Christopher was grief-stricken when he and his wife lost their beloved Boxer Kronk after nearly 12 years. Yet following in their pet’s paw steps would be not one, but two senior dogs who would find love and solace in this Navy veteran’s home.
From San Diego, with love
For 22 years Christopher served in the United States Navy until his retirement in 2017. The former Navy chief now works for a defense contractor in the same city where he served for the duration of his military career: San Diego.
The sprawling city is dotted with several Marine and Naval bases, and is a far cry from Christopher’s mid-Western, Ohio roots. Yet San Diego is where he raised a family – “father of two young ladies” – and now lives with his wife, Jamie.
Christopher served as an interior communications electrician. This vital role is responsible for the maintenance, repair, and installation of various communications systems for Naval ships and facilities. These systems control activities such as navigation, warnings, aircraft landings, and other critical military activities.
One memory forged over Christopher’s more than two decades of service stands out among the rest.
“My most memorable experience was when I was selected for Chief Petty Officer in 2011,” he shares.
From life on the streets to easy street
People cope with losing a pet in different ways. Some seek a new companion right away, while others – like Christopher – need more time. Eventually the hole in his heart left by Kronk’s absence was too great to bear.
“When we were ready,” the Navy veteran says, “we decided to visit our local animal shelter and found Murphy. He is a seven year-old Boxer and [we] wanted to give him a home to spend his senior dog years.”
That shelter is the County of San Diego Department of Animal Services. Since 2011, the organization has partnered with Pets for Patriots to help the most overlooked dogs and cats in its care find loving military homes.
The shelter maintains facilities in Bonita, Carlsbad, and San Diego, and offers our veterans deeply discounted adoption fees.
Murphy – named Oakley at the time – was found as a stray. He had been limping, and was face down and listless on the sidewalk when he was rescued by a county animal control officer. No one knows how he became homeless, how long he lived on the streets, or what he endured.
Clearly life had been unkind to the aging dog. That all changed when Christopher and Jamie brought him home.
Senior dogs times two
Saving a senior pet is a uniquely rewarding experience. While all companion pets are blessings, more mature animals seem to sense when they have been given a second – or third or fourth – chance at life.
And the experience is transformative for people as well. It is extremely gratifying to give refuge to a dog or cat who may be past his prime, and whose seniority is not valued by most adopters.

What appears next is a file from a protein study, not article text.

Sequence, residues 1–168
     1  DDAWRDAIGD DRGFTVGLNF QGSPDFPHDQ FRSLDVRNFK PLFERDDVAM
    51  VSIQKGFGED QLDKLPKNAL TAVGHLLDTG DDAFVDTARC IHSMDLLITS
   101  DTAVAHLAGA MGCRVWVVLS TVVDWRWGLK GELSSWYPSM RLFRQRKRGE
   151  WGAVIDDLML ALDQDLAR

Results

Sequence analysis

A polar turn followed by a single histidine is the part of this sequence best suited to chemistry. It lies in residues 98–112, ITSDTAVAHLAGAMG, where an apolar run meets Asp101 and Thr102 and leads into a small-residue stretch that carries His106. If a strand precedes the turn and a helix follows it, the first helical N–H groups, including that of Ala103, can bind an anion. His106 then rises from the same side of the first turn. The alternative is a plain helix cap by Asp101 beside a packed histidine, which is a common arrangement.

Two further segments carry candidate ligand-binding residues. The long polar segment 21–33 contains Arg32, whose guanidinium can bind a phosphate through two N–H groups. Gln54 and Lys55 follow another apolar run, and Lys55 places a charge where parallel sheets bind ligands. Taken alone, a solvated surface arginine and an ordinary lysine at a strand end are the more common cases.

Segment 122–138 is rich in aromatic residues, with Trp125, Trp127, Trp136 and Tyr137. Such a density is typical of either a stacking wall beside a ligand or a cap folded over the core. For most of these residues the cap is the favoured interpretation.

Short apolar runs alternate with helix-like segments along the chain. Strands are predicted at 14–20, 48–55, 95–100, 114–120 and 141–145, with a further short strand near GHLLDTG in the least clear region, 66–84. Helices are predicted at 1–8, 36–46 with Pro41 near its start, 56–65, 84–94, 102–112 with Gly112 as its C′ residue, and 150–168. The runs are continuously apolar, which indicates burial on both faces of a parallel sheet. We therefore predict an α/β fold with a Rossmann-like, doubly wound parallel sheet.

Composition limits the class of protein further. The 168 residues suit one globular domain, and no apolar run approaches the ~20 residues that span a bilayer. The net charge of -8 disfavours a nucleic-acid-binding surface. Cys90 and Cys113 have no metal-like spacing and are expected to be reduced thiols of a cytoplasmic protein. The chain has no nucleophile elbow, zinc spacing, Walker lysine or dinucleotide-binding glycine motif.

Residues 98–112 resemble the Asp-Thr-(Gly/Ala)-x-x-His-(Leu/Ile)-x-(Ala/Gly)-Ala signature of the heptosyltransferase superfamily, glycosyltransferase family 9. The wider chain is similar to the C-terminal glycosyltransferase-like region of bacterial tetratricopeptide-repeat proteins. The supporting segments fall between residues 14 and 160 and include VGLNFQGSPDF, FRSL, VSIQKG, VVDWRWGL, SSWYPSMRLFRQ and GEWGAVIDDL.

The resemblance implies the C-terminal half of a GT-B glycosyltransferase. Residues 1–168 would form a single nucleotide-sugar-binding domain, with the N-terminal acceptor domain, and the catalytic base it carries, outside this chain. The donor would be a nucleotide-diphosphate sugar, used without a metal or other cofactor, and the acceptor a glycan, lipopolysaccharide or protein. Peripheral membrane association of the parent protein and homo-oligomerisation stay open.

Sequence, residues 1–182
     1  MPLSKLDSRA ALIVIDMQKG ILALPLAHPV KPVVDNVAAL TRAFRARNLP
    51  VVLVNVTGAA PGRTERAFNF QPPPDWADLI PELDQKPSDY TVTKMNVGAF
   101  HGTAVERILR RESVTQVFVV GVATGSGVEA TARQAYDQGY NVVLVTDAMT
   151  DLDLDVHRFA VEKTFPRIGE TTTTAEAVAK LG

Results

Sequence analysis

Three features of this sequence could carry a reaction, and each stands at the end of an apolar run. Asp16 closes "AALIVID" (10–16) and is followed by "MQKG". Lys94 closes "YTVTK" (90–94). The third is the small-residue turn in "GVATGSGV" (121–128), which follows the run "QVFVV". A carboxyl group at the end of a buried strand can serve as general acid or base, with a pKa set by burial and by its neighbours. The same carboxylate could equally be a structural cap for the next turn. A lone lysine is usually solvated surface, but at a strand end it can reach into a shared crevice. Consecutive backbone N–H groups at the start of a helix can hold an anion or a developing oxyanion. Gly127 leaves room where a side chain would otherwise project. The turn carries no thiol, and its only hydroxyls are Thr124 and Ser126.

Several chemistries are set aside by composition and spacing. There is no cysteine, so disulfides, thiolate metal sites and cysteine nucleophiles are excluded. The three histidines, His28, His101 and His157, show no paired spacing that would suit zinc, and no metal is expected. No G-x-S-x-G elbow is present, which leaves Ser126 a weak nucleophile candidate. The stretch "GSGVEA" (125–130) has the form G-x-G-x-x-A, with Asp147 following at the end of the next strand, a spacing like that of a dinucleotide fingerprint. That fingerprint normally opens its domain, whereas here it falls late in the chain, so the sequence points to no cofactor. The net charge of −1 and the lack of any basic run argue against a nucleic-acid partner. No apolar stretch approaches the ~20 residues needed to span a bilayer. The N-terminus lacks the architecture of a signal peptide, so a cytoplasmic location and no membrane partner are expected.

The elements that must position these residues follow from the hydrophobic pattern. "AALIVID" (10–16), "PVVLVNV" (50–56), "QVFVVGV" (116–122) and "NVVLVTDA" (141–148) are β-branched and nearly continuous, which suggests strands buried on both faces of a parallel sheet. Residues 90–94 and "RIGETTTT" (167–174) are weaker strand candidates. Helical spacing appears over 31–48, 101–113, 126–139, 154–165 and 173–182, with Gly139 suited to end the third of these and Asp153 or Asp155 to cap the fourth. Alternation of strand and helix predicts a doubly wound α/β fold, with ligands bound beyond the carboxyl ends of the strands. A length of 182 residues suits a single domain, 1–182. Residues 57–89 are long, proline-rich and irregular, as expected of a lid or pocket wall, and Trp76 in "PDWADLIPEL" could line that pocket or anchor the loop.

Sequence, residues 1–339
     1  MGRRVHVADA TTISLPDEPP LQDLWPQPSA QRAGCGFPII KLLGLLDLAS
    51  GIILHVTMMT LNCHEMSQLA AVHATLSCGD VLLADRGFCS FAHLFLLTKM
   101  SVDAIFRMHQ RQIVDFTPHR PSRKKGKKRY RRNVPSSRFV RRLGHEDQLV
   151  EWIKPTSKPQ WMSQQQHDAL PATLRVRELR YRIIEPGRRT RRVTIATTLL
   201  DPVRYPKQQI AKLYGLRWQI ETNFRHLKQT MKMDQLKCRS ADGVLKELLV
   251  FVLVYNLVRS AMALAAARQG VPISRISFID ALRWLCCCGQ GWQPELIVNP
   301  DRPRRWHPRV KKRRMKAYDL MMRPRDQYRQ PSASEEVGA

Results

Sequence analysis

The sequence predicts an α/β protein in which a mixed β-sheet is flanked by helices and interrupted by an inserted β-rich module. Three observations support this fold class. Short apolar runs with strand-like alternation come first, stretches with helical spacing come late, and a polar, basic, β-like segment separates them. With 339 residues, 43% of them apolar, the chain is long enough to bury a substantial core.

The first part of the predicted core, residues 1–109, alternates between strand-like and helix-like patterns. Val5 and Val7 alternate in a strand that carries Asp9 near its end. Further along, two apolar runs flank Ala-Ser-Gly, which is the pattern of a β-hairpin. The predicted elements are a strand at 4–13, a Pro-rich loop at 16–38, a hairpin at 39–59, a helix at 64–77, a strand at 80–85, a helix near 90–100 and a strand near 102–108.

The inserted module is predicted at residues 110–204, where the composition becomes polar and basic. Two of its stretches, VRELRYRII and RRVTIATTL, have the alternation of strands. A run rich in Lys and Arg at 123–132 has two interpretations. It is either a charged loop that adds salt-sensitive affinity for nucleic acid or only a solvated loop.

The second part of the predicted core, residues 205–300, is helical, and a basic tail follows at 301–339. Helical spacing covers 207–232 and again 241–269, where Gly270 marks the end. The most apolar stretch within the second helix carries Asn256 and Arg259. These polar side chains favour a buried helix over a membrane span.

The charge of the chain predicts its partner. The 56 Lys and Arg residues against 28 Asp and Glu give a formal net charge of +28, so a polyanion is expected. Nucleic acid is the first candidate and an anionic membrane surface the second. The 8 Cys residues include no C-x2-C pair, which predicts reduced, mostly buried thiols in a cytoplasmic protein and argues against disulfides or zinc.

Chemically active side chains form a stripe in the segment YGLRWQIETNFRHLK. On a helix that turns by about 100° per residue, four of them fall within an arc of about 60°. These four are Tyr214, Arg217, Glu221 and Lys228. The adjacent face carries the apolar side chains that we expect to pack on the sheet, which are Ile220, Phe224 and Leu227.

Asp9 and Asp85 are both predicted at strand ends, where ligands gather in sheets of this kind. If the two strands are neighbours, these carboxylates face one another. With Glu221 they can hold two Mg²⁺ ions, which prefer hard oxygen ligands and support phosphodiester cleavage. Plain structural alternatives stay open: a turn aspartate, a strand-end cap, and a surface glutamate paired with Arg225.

Christopher and his wife returned to the County of San Diego Department of Animal Services to save another soul.
“About four months later we adopted Rocky. He, too, was a Boxer,” he says. “He is 10 years old and also deaf. We also wanted to provide him with a loving and safe environment to spend his senior years.”
The Navy veteran did not know initially that Rocky could not hear until he noticed that he was unresponsive to voice commands. After a few days of having him home it was clear that Rocky was deaf; but it did not matter.
Christopher and his wife were overcome with the joy of giving two senior dogs the loving home they deserved.
Double the love
“I found out about Pets for Patriots through our local shelter,” Christopher recalls. “It is an amazing program, and [I] wanted to help rescue an older dog and ended up getting two!”
Kronk will always have a special place in Christopher’s heart. But the additions of Murphy and Rocky have been life-saving not just for these two senior dogs, but for the Navy veteran as well.
“These two have brought so much joy to our home,” Christopher says. “All they want to do is please us and show how much they appreciate being adopted. They show us lots of love and are constantly making us laugh. They really helped us with the loss of Kronk.”
Senior dogs and cats are often more spirited than many people expect. Starting life anew in a loving home can help animals who may be aloof in a shelter come out of their shells.
Christopher enjoys how much his two senior dogs get along with each other – and with other members of their human family.
“We love how they interact with each other,” he shares. “I also love how excited they get when we go to grandma’s and grandpa’s. They are always ready to greet you when you arrive home with butt wags and slobbers!”
The retired veteran is not only an advocate for companion pet adoption; he sets an example for others. Christopher believes that people should visit their local shelters for a new pet friend.
“There are so many animals just waiting to be adopted,” he says. “Every animal deserves the chance to fill your home with joy.”